A Pilot Study of Docosahexaenoic Acid (DHA) in Obese Menopausal Women

2014-08-27 03:13:32 | BioPortfolio


This study aims to determine if a supplement of an omega-3-fatty acid (docosahexaeonic - DHA) lowers inflammation in human fat tissue thereby lowering estrogen production and the potential risk for breast, rectal and colon cancers. The investigators also aim to study how this occurs to discover the basis for other potential ltreatments to lower estrogen production in fat tissue and decrease the risk of breast cancer. Additionally, this study will evaluate the effectiveness of DHA supplements in reducing inflammation and the risk for colon cancer.


Breast cancer and colorectal cancer are two of the most frequently seen cancers in the United States. Breast cancer occurs at all ages but is particularly common in post menopausal women. Obesity increases the risk of breast cancer primarily of the type that is stimulated by the female sex hormone estrogen. In obesity, fat cells produce estrogen which can alter breast tissue, while lowering blood estrogen reduces the incidence of breast cancer. Inflammation of fat tissue, the coronary blood vessels and the liver are also seen with obesity. Animal experiments have shown the inflammation in fat tissue increases the production of estrogen, thus reducing inflammation in fat tissue might lower estrogen levels and the risk of breast cancer in obese women. Obesity simultaneously increases the inflammation of colon tissue. Since chronic inflammation in the colon is a co-factor in rectal and colon cancers, reducing inflammation should lower the risk of developing these cancers as well. A diet high in omega-3-fatty acids, such as those found in fish oil, has been shown in mice to reduce inflammation and aromatase expression (rate limiting enzyme for estrogen synthesis) in fat tissue and to reduce inflammation in the colon of mice and humans.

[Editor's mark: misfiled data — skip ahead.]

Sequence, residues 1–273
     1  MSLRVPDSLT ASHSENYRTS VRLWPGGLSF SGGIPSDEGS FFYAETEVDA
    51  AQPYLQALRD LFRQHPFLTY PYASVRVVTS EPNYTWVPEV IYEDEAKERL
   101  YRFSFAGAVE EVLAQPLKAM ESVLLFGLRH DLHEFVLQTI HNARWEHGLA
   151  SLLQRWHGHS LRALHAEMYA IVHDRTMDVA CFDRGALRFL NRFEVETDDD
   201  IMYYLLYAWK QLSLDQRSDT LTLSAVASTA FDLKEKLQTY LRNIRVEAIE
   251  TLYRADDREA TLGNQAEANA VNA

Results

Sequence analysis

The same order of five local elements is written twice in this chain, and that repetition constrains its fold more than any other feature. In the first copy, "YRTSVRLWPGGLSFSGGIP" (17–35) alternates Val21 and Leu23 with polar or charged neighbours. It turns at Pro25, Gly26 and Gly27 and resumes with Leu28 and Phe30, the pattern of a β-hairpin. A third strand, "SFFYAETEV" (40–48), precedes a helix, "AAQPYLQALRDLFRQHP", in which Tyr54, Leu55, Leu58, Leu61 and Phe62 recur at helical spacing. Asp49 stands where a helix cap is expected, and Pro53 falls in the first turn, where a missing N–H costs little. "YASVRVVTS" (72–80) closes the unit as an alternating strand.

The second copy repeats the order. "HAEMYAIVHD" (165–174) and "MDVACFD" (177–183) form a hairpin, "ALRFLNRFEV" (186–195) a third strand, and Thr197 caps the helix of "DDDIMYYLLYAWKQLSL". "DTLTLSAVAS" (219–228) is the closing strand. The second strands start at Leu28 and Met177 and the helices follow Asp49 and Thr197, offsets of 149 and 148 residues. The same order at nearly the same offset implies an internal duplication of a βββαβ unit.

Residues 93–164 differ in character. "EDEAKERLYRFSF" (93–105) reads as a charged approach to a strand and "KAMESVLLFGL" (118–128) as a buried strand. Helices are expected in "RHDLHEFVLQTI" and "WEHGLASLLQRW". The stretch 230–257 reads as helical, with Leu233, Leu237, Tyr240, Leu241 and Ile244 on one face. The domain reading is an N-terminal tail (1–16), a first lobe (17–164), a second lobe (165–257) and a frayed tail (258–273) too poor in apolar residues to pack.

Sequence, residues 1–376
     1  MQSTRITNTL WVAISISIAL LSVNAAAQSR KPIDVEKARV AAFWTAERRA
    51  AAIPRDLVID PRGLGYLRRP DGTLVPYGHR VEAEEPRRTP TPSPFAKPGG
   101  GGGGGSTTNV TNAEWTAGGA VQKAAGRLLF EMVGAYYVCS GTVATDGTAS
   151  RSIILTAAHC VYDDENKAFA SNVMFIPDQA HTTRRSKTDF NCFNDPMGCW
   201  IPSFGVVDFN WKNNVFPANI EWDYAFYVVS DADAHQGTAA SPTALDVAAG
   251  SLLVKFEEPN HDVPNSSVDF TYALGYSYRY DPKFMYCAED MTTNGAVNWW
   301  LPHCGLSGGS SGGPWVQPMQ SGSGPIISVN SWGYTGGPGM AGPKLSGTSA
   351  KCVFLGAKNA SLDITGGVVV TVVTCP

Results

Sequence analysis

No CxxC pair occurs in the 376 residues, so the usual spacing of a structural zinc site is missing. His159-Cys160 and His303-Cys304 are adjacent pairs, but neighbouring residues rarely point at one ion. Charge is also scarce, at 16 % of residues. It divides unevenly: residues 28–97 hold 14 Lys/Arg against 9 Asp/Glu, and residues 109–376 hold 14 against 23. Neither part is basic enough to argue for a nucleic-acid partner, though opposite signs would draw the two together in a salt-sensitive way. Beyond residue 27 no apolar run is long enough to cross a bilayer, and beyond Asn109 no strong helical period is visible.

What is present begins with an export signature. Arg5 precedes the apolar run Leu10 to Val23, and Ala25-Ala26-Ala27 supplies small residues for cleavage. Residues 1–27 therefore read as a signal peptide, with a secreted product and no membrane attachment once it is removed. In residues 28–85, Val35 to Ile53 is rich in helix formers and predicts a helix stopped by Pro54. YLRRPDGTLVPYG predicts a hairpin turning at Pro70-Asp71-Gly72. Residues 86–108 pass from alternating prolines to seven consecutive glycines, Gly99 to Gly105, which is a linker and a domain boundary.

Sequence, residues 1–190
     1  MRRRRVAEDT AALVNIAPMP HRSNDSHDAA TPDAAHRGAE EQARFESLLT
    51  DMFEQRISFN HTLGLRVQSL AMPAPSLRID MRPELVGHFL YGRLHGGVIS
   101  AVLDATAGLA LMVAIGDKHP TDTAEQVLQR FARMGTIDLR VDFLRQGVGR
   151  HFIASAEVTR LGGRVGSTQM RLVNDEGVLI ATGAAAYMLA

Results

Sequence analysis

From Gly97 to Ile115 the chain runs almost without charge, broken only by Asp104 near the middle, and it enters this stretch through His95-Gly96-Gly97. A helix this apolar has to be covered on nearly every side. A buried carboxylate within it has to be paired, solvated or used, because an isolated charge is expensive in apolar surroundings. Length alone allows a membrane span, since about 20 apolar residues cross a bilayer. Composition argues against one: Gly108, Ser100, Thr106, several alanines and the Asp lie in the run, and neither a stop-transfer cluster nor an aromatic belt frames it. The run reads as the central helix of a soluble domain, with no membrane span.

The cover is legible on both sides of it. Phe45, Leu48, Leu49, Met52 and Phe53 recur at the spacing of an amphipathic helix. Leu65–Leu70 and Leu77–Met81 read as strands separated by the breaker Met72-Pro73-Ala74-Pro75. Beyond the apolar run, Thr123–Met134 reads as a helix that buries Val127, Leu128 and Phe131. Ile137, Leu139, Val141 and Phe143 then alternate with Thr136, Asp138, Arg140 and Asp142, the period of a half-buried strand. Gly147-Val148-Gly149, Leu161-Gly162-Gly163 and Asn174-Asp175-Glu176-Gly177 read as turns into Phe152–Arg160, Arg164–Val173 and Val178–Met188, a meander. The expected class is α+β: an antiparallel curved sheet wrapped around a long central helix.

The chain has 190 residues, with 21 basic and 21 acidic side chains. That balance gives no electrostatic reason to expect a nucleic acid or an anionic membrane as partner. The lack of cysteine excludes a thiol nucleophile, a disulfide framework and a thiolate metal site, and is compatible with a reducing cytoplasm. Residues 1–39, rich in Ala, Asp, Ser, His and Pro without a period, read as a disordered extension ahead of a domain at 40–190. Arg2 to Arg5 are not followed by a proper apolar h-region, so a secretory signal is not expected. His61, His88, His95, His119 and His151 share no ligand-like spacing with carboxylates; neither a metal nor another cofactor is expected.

This pilot study of five obese, postmenopausal women will include nutritional and medical evaluations, a four day inpatient hospital stay on a regular diet, and to measure the inflammation and the estrogen producing machinary and resting energy of each volunteer subject, as well as, biopsies of abdominal fat tissue and the inflammation in the sigmoid colon obtained by sigmoidoscopy. Following these baseline measurements, subjects will be provided DHA supplements to take daily for three months and requested to weigh themselves twice weekly at home with the goal of maintaining their weight. Telephone interviews will be performed at scheduled points to check-in with the subjects and after six weeks blood tests will be performed. At three months each subject will be readmitted to the hospital and repeat the tests performed before starting on the DHA supplement. If the study shows feasibility and positive results it will be extended to more subjects and other interventions in the future.

Study Design

Intervention Model: Single Group Assignment, Masking: Open Label, Primary Purpose: Basic Science


Breast Cancer


dietary intervention


The Rockefeller University
New York
New York
United States




Rockefeller University

Results (where available)

View Results


Published on BioPortfolio: 2014-08-27T03:13:32-0400

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